Book Giveaway: The Self-Publisher’s FAQ

The publishing industry has been changing a lot in the last few years. It’s not a bad thing. It’s actually good for anyone who has always wanted to self-publish a book. Author Jacqueline Church Simonds has put together a perfect guide for anyone who has questions and is unsure of how to proceed. Simond’s guide has chapters that cover questions you may have about publishing, publishers, assembling your manuscript, social media, how to get reviews and more.

 

For a chance to win this copy please leave a comment, name and email. Offer expires 7/19/14.

 

One question that many writers have is, “Should I print hard copies of my book…or should I just do an ebook?” Simonds provides excellent information for this question in Chapter 7 titled “Printing a Paper Book.” According to Simonds, “The old model also supported first producing a hardback book, then six months to a year later a paperback version. Big publishers still follow this model. Self-publishers do not. For many self-publishers, the best move is to print via the POD method and offer ebooks. In this manner, you can keep your upfront costs low and concentrate your available cash on marketing your book.” Simonds also covers, in Chapter 7, the process regarding book size, print type, binding and cost. She answers more detailed questions about ebooks in Chapter 8.

If you are a writer who wants to know, “Do I have to have a Press Kit?” Simonds states, “No. If you’d rather save on paper and shipping, you might consider creating a one-sheet with an image of the book, short summary, endorsements, reviews, short author bio, picture, and all the book data.” Simonds helps anyone who wants to self-publish a book or perhaps has specific questions, get the answers. Each chapter covers topics you will need to know. Step-by-step information will walk you through each process. The back of the book has a countdown of where you should be in a particular time-frame. For example: She gives you 9 months to finish writing your book and researching the market. By month 12 you should start setting up your publishing company and so on.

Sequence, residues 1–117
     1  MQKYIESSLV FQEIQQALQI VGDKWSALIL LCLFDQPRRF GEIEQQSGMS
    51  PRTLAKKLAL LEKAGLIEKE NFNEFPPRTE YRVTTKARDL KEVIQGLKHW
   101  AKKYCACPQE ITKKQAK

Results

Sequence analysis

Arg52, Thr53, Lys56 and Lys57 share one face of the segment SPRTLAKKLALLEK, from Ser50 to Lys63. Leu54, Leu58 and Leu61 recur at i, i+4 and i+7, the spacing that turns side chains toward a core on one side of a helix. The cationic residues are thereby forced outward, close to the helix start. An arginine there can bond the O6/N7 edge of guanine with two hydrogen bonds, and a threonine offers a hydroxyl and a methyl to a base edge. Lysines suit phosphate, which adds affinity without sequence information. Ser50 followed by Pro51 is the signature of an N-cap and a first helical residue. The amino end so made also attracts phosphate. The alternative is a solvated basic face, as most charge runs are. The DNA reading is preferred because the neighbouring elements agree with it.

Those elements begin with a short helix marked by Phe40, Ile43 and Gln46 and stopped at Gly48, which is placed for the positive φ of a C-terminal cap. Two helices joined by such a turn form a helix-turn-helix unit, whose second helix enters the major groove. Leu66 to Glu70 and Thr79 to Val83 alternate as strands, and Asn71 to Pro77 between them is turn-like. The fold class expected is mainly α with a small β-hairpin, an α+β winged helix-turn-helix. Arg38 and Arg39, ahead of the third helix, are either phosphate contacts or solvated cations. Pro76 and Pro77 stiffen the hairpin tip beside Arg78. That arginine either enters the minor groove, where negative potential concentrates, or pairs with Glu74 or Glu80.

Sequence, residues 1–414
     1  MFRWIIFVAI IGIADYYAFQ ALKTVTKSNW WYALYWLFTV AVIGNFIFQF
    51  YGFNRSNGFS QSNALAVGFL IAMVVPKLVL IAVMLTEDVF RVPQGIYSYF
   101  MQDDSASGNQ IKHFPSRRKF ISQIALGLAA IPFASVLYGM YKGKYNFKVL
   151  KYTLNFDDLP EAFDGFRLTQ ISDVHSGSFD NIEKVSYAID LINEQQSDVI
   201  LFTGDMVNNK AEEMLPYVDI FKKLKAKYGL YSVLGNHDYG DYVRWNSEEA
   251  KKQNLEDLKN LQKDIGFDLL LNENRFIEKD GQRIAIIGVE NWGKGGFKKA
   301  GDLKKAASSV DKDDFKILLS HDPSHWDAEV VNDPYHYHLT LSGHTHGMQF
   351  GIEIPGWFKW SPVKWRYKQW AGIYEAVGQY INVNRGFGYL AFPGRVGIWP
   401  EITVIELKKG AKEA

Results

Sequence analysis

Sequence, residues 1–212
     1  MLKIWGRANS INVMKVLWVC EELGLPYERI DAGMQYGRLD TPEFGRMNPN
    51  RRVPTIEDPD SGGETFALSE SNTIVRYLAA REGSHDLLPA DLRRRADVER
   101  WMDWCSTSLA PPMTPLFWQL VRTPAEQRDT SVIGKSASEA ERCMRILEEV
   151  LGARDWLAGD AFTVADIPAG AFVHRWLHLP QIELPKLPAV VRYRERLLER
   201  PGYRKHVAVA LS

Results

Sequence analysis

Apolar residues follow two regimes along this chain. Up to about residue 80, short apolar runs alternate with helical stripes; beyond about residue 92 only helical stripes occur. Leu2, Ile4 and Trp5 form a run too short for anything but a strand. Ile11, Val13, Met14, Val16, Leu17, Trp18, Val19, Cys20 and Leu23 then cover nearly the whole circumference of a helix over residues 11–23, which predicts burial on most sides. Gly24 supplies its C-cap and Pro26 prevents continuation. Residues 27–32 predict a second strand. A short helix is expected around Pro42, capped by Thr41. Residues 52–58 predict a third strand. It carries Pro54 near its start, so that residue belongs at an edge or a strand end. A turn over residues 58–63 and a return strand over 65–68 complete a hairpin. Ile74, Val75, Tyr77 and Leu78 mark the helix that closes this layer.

Jacqueline Church Simonds has been a publisher for thirteen years, producing over twenty books, has worked over thirty-five publishing projects and was a book distributor handling at one point over forty titles.

Great Marketing Tips For Pintrest

If you’re not using Pintrest to market yourself it’s time to get started. Pintrest is a great way to show off your book covers, where you’ve been promoted and also to showcase your interests. Put your personality out there! It’s fun and a great way to connect with potential readers for your projects. Socialmouths shares some great tips on how to utilize Pintrest for marketing.

 

10 Tips to Improve Your Pinterest Marketing Strategy

 

Did you know 69% of online consumers who visit Pinterest have a clear intention of purchasing products?